The second option is private flood insurance. There are more private insurance companies offering flood insurance today than ever before. The Insurance Information Institute wrote $589 million in private flood insurance premiums in 2017. This is up 57% from 2016.
There are reasons why private flood insurance is more popular. It can sometimes be more affordable than federally-backed insurance. Private policies may also provide broader, more favorable coverage, including higher limits.
What’s the difference?
Federal flood insurance coverage is backed by taxpayer money. Such insurance is dependent on the money that the government has available. Private flood insurance companies are for-profit businesses that get their funding from policy premiums and reinsurers.
It’s not uncommon to see neighbors with similarly built homes and similar levels of floodwater to receive substantially different amounts of money.”
To be eligible for NFIP coverage, your home must be located in a participating community. You’ll buy the coverage through an insurance agency, not the government. The policy won’t go into effect until 30 days after carrier issues it.
As Pandit sees it, there is a big problem with NFIP flood insurance policies – inconsistent payouts. “The NFIP policy itself is identical for all customers, yet each carrier improperly imparts its own view of the policy,” he says.
“It’s not uncommon to see neighbors with similarly built homes and similar levels of floodwater to receive substantially different amounts of money.”
What does flood insurance cover?
With a NFIP flood insurance Policy from FEMA, you can get coverage to protect your home, belongings, or both. Here’s an overview of the flood damage it may cover.
The policy covers the house structure and foundation. It also covers items permanently installed in the home.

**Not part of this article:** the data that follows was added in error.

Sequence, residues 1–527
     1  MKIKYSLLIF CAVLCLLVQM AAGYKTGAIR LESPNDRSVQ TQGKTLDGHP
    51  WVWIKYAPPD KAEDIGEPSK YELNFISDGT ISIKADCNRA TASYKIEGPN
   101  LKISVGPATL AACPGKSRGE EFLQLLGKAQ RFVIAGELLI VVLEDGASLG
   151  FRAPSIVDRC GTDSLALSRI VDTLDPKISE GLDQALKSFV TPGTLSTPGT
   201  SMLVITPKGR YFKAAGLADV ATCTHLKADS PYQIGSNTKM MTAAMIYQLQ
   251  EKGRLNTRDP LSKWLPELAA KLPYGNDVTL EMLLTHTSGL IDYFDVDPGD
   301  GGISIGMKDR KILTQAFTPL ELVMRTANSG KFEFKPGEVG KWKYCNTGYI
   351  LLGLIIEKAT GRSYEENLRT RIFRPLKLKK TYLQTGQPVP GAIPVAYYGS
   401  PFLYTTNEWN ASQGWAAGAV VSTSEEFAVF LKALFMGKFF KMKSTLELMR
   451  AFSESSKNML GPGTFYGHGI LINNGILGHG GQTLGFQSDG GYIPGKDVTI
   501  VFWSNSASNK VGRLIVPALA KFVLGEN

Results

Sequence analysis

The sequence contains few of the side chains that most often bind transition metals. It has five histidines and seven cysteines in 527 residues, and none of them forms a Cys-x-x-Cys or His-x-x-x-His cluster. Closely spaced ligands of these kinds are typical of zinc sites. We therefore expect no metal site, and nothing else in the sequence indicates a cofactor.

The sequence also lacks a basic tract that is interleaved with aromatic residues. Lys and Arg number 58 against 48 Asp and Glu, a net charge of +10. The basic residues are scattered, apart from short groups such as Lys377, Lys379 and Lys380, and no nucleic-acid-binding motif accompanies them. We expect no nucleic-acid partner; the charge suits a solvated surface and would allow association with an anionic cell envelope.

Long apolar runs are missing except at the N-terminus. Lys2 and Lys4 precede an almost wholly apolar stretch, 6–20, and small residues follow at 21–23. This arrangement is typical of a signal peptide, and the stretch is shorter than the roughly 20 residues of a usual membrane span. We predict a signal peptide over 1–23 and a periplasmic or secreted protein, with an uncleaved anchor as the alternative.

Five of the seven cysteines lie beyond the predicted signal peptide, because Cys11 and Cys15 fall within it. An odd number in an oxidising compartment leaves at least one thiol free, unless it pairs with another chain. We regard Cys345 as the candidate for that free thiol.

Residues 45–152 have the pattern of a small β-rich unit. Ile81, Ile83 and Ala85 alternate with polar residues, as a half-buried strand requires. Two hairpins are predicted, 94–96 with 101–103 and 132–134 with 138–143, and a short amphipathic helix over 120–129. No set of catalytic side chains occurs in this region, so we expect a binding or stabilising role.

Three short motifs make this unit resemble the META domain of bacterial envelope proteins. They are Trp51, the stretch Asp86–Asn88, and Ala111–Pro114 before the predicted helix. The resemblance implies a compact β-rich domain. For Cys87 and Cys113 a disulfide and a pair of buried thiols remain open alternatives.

- Built-in appliances, including stove, refrigerator, and dishwasher
- Water heater
- Electrical system
- Plumbing system
- Heating and air-conditioning (HVAC) system
- Attached cabinets
- Attached bookcases
- Detached garage (other detached buildings need a separate policy)
The maximum structure coverage is $250,000. If your home’s value exceeds this limit, you may want to look into excess flood insurance. It’s also a good idea if you want more coverage than what a standard flood insurance policy offers. For instance, additional living expenses (ALE).
Personal contents coverage
- Portable appliances like washer, dryer, and microwave
- Window A/C units
- Freezer and the food in it
- Some valuables, such as art—up to $2,500
The maximum personal contents coverage you can receive is $100,000.
Exclusions to Flood Insurance
It’s important to know what flood insurance coverage does and doesn’t include. Typically you can expect it to provide protection for:
- Additional living expenses (ALE), if you can’t live in your home
- Damaged property outside the insured building. This includes landscaping, decking, patios, fences, swimming pools, and septic systems
- Money, stock certificates, and precious metals
- Vehicles (auto insurance may kick in for some damage)
- Limited or no coverage for items below ground in basements and crawl spaces
When it comes to Mother Nature’s unpredictability, flood insurance offers precious peace of mind. Find the best policy for your situation before it’s too late. According to the National Flood Insurance Program, only 15% of homes in Harris County, which includes Houston, had flood insurance before Hurrican Harvey. Harvey caused an estimated $125 billion in damages, second only to Hurrican Katrina, according to the Office for Coastal Management.
Even if your home is not in a high-risk area, it’s worth finding out what a flood insurance policy would cost.
Click here to compare flood insurance companies and terms side-by-side.
Julie Bawden-Davis is a widely published journalist specializing in personal finance and small business. She has written 10 books and more than 2,500 articles for a wide variety of national and international publications, including Parade.com, where she has a weekly column. In addition to contributing to SuperMoney, her work has appeared in publications such as American Express OPEN Forum, The Hartford and Forbes.